Sunday 28 November 2010

Camp Cruising on Chesapeake Bay

This long, slim boat seems to slip over the Patuxent River elegantly and without effort, like a swan.
Underwater, however, like the swan, a pair of webbed feet paddle furiously. Another triumph for the Hobie Mirage Drive.
Don Polakovics built the boat to a design of Paul Gartside's that was originally made for a pedal-driven propeller. If you compare the two, the Hobie drive removes most of the complexity (look at the way the rudder is held out behind the stern to allow the prop to be retracted) as well as allowing the drive to be removed while afloat should it need attention. Clearing weed off that prop must be a nightmare. And the case for the Hobie forms a nice base for a table when camping.
Don built the boat for cruising Chesapeake Bay, where camping grounds are hard to find. The foreshore is either private or swamp, apparently. The boat can carry three days worth of water and week's worth of food. A bimini keeps the sun and/or rain off when at anchor and provides a frame for hanging a mosquito net from, something which is mercifully unnecessary round here on the south coast of England. I just love the ventilation cowl on the cabin, bringing a touch of the old ocean liners to the boat.
Don writes:

Hi Chris.
No, she doesn't really have a name yet. My paddling partners voted on Patuxent Queen (we paddle mostly on the Patuxent River....war of 1812 fame....but no grudge), which was a whole lot better than the initial proposal of "Hippo". Compared to a normal sea kayak, she is quite large.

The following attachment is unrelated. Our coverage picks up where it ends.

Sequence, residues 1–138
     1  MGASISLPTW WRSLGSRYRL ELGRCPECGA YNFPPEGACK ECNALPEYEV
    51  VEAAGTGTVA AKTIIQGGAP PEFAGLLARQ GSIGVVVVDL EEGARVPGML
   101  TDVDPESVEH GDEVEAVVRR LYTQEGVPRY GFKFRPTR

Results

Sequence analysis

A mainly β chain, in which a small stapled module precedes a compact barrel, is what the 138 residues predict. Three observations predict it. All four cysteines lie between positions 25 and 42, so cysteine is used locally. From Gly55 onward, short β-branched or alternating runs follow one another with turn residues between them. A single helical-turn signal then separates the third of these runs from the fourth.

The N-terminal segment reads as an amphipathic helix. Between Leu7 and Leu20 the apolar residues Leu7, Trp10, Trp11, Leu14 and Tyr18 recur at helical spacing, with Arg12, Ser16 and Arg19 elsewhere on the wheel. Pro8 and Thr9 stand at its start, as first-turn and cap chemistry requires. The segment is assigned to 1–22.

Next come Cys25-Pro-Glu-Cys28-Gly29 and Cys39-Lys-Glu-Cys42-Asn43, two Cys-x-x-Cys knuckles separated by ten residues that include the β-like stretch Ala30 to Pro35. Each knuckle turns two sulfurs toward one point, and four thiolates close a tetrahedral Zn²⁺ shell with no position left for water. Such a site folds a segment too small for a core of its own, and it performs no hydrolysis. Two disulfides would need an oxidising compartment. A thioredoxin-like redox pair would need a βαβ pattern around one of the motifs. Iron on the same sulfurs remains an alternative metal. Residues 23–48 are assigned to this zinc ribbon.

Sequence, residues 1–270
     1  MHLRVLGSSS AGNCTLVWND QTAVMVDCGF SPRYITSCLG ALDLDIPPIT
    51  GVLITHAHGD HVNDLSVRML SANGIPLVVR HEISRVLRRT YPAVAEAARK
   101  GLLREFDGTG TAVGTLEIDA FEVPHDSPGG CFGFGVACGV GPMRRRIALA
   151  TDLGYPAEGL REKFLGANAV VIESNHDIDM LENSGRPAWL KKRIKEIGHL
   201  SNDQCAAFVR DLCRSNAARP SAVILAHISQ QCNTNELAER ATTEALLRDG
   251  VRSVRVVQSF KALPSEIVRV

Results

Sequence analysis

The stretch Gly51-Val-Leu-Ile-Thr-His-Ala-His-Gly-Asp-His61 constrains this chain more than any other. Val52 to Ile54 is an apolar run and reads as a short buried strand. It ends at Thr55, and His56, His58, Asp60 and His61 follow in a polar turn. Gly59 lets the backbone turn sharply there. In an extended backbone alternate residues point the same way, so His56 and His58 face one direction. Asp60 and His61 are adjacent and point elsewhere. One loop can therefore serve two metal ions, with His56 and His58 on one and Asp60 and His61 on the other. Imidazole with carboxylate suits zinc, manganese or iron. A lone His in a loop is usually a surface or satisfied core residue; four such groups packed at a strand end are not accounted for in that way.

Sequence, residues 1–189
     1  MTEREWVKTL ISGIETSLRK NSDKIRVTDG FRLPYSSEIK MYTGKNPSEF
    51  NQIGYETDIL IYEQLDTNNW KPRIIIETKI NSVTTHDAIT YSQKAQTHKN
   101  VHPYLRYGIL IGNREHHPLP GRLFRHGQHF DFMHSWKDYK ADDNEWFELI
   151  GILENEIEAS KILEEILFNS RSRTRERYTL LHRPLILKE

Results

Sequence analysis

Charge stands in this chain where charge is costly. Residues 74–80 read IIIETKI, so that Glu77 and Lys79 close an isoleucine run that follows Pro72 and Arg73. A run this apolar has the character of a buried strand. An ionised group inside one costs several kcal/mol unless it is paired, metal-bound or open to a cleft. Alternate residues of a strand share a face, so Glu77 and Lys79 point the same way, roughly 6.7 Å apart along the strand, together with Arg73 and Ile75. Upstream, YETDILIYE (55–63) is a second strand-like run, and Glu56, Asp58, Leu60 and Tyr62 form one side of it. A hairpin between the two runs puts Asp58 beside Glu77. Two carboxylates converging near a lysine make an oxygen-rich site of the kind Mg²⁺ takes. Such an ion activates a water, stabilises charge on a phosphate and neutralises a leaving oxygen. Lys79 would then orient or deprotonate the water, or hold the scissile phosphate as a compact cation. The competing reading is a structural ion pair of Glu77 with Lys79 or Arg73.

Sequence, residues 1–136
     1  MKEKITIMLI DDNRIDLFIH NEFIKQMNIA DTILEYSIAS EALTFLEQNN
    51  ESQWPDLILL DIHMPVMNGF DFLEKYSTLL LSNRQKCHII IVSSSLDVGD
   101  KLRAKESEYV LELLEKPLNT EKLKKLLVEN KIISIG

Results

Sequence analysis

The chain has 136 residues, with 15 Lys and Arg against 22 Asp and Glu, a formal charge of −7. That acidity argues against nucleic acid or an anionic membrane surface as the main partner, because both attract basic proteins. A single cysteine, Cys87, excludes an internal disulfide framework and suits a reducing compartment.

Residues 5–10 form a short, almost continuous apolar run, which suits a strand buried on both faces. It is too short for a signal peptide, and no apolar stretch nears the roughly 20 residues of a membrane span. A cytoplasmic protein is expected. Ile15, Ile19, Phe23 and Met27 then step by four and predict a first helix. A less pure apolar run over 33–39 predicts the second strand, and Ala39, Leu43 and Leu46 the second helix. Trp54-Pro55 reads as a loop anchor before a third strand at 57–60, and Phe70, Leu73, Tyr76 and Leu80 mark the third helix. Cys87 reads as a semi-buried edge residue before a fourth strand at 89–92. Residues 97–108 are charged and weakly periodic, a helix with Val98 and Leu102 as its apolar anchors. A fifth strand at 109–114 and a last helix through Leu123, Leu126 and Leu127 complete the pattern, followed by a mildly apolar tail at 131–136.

So far the boat has worked well for camping (five nights total, three full days, two nights without touching land).  The "so far" part is because I've yet to spend a rainy day and night aboard.
The cockpit is quite roomy for cooking, dressing, lounging etc with the mirage drive  removed and the drive well cover in place. At night I  pull the baggage out of the sleeping compartment and put it in the cockpit and then move into the berth. The sleeping compartment is very comfortable (probably too comfortable - much temptation to take a little nap, when I should be exercising).  With a 40 in beam, the boat is wide enough to sleep in most any position, including legs curled.  
The open hatch provides a great view of the sky. I've never felt claustrophobic, but yes, I get the coffin comment a lot when people see the boat. The only distraction I've had from good sleep was when I anchored in a place with a little too much fetch and was kept awake by the waves slapping the hull  a couple of inches from my ear.....and then there was that time some critter kept scratching at the hull.
Speed?  Flat water, loaded for a week, she cruises an honest 3.5 knots (quite slow by your rowing standards). Overall daily average (30 nm), including rest breaks, is 3.2.    I can get bursts over 6 knots, flat water.  With a down wind sail (windpaddle), she'll hold mid 5's, and poke into the 6's, but doesn't seem to be inclined to go any faster. Even at 20 ft., she's portly by kayak standards.
The boat was built with a mast step and a dagger board to take the place of the Mirage drive, but I haven't built a real sail for her yet.  
Thanks again for your interest Chris.
More pics are here. Thanks Don, and thanks to Duckworks Magazine for the heads up.

1 comment:

Dr Adams said...

This looks like a really nice way to get away without the hassle of setting up a camp spot everywhere you go. I'd love to see some pictures of the interior/sleeping quarters.